Terrain started, and quadtree vs. block based LOD.

I put pathfinding on hold because when implementing a hexagonal coordinate based path finding algorithm, I realized that there would be various difficulties with dealing with constructs imposed on the world such as the terrain grid or quadtree and any other space partitioning systems.

So to know whether it’s really worth it to use hexagonal path finding, I decided to delay it until I have some other space partitioning data structures in place.

Most of today was spent on class work, in particular I made progress on the SMT solver due on Monday.

I did find a few hours today and yesterday to begin writing the terrain engine.

I’ve built a terrain in XNA before, however where I previously used quadtrees, this time I will use a grid based block partitioning scheme (more on this later).

The reasons for partitioning the terrain into fixed size blocks rather than a quadtree are:

  • Simpler to texture terrain as all blocks are always the same size.
  • Simpler to calculate lighting as the grid will match the geographic grid registration which I intend to use to partition scene lights.
  • Closer to circular level of detail degradation around the camera, as blocks are a fixed size.

Block based subdivision. Every block is the same size. Four green center blocks represent the highest level of detail chunks, and concentric rings of progressively lower level of detail chunks extend toward the outside of the diagram.

For example, all blocks might represent a 16×16 unit size of terrain (therefore, each block would represent 256 height points on the terrain). The inner most blocks in this case would then use 16×16 triangles and take up 16×16 units of space. The next blue ring would use 8×8 blocks but still take up 16×16 units of space. The next red ring would use 4×4 blocks, but still take up 16×16 units of space, and so on.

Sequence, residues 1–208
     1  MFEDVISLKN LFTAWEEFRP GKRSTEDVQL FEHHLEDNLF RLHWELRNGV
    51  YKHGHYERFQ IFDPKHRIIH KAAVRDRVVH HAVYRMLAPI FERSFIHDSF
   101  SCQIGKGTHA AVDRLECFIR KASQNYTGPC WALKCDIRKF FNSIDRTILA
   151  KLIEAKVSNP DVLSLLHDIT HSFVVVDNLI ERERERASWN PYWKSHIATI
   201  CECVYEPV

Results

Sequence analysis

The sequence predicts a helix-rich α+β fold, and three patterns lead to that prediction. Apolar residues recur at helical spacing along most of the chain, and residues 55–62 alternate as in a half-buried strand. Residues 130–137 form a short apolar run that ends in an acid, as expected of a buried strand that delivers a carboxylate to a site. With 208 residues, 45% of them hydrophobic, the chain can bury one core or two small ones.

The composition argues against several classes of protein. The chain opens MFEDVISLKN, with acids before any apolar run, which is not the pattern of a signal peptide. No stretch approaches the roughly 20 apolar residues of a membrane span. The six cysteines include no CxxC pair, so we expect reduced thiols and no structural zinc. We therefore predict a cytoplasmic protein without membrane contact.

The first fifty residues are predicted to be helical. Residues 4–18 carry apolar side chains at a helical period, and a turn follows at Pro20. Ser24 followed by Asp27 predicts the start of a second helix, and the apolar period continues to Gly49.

Quad tree subdivision. The smallest green block represents the camera position, where the level of detail is highest. Blocks get larger and larger further from the camera, but use the same number of triangles, and therefore present a lower level of detail.

In the quadtree implementation, all blocks are the same size. The inner most green block would be a 16×16 grid, representing 256 height points. The next blue blocks surrounding it would also be 16×16 grids, but these blocks would each take up four times as much space (32×32 units large, but still using 256 triangles). The next teal blocks would be 64×64 large, but still use the same 16×16 triangle grid.

Using fixed size blocks means more draw calls, but I will use hardware instancing, so really there will only be one draw call per level of detail.

The biggest drawback is that there are many more blocks that the CPU must examine (cull/light/texture) compared to a quadtree.

 

This is a quad tree terrain I wrote over a year ago. Notice the display of the block subdivisions, and their varying sizes.

 

Here are two chunks after today's beginnings on the new terrain engine.

More class work tomorrow, but after this assignment, I’ll have lots of time to finish up the terrain engine.

 

 

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2 Responses to Terrain started, and quadtree vs. block based LOD.

  1. Pingback: The CPU vs GPU XBOX360 speed disparity. | Olhovsky

  2. Pingback: Quadtree vs multiple resolution grids for terrain rendering | Question and Answer

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